Lowering prepayment penalties can help consumers find emergency money. In the past few years homebuyers were searching for the most cost efficient ways of funding their mortgages. To keep rates low and stabilize profits, banks came up with the prepayment penalty.
Banks use the prepayment penalty for protection
The way they work is that banks would allow the borrower to get lower rates, but in return the buyer would sign a paper stating they must pay a prepayment penalty if their mortgage was paid off between three to five years. Ilyce Glink, publisher of ThinkGlink.com, (see http://www.bankrate.com/finance/mortgages/6-steps-to-a-lower-prepayment-penalty-1.aspx) said, “These contracts were structured to guarantee banks a certain amount of profit. The banks would do a risk calculation or a profit calculation, and the penalty itself was generally set between 2 percent and 4 percent of the loan.”
The sad truth about prepayment penalties is that homebuyers need to sign them, but often times they don’t notice them. Glink added, “The stacks of paperwork homebuyers are required to go through usually disorient them and the cost of prepayment penalties are often ignored.” The problem comes in when the borrower wants to pay off or refinance the loan and the penalty is a reality they have to face.
Ways to handle a prepayment penalty
Clarky David, Debt Diva at CareOne Debt Relief Services, said, “With a mortgage, you’ve entered into a legal contract, and most of the time, the bank is not going to want to go to the effort to renegotiate it.” Although there is now a way to get around a prepayment penalty, there are ways to minimize it. Here are five tips to follow:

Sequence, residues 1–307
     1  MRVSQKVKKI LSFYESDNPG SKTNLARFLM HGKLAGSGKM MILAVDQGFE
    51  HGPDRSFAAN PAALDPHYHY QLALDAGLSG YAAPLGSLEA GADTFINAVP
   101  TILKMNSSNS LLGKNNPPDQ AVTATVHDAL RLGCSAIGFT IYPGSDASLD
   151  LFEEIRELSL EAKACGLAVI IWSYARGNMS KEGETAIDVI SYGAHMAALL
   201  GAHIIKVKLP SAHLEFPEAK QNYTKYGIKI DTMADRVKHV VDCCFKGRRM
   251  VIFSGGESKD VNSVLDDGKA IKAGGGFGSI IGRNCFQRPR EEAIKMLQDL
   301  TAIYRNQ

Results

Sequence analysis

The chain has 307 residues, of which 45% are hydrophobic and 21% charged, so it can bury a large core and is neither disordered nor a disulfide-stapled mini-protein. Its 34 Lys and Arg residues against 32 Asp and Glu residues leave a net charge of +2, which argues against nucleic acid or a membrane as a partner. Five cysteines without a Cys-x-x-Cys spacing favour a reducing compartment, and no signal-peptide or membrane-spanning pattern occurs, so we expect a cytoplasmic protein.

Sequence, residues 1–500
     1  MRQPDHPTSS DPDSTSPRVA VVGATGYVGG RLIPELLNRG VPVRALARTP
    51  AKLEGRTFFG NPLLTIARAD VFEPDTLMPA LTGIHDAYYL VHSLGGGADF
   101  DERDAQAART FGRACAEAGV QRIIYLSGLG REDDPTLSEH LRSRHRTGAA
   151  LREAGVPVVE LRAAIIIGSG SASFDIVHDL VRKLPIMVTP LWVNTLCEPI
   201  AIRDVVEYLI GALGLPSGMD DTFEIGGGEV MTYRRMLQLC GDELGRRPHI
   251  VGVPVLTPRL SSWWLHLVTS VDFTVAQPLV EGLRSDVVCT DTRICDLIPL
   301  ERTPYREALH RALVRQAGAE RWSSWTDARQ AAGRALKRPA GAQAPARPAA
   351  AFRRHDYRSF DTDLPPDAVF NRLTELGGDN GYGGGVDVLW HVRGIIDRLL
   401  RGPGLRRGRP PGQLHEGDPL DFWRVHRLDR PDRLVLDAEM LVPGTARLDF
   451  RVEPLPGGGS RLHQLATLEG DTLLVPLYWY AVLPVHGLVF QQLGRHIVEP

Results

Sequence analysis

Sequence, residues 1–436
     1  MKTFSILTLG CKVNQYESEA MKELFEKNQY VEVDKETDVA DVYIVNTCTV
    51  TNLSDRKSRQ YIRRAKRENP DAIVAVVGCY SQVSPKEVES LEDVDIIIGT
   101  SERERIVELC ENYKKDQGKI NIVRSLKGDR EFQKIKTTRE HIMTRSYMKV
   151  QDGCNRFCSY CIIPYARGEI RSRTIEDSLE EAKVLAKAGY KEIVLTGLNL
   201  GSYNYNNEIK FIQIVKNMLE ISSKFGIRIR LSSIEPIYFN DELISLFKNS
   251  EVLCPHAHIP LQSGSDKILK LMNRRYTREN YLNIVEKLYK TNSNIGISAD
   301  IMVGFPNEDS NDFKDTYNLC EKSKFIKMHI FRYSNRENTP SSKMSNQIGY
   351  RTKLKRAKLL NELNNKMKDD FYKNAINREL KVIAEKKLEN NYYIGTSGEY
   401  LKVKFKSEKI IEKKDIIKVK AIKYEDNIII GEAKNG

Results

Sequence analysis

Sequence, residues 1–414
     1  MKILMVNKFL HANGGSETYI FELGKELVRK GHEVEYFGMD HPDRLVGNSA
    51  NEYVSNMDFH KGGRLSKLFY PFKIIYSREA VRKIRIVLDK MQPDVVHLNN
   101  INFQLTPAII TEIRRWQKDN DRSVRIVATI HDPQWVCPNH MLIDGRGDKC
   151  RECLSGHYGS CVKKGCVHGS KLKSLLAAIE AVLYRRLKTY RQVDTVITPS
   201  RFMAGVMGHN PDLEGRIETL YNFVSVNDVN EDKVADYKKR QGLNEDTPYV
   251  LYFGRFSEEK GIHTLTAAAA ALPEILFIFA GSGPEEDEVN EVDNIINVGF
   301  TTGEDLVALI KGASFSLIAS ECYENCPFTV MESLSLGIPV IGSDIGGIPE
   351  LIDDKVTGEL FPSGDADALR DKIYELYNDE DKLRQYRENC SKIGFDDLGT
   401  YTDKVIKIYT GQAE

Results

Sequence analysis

- Find the paperwork. The first step consumers need to take is to make sure that they have a prepayment clause. Glink said, “It usually says ‘prepayment disclosure’ or ‘prepayment penalty disclosure’ at the top. There are usually three or four documents you had to initial to indicate that you read them.”
- Read the contract. Most of prepayment penalties have a single fee and others have a sliding scale to watch for. The sliding scale ones will decrease the longer a borrower holds the loan. For example, during the first year of the mortgage a homeowner may have a prepayment penalty of 4%, whereas during the third year it may fall to just 1%. For consumers who are in the time span where a rate is set to decrease, this is a great time to wait for a month to save some emergency money.
- Crunch the numbers. The next thing to do is pull out a calculator and do the math. Sometimes the prepayment penalty is worth the chance to move to a less risky lower-interest loan. Best case scenario, the prepayment penalty is eaten up by overall savings on a new mortgage loan. On the other hand, consumers may have to lower the penalty before they move. Again, it’s best to compare the options mathematically and make a decision based on savings.
- Talk to the loan officer. The next step is to start negotiating the penalty with the loan officer. Glink said, “The first point of contact should be the loan officer. But if you don’t have any luck there, escalate to a manager. They generally have more pull and decision-making power.” Most likely the penalty won’t be ignored altogether, but there is a chance they may cut back the penalty if a homeowner has some track record of consistent payments for a good amount of time.
- Get any changes or amendments in writing. Document all discussions and negotiations with everything from the loan officer’s name to the time the discussion was had. Consumers should always request that the deal is sent in writing. A verbal offer is worth nothing and without proper documentation consumers may be starting from square one.
Banks willing to negotiate
Banks are suffering as a result of the recession and aren’t eager to let go of valuable prepayment penalty fees. Despite the contract, they still may be willing to negotiate. For any consumer looking for emergency money, it can be a good option to try to at least shave a few thousands off of a penalty. It may not sound like much, but it can add up to substantial savings in the end.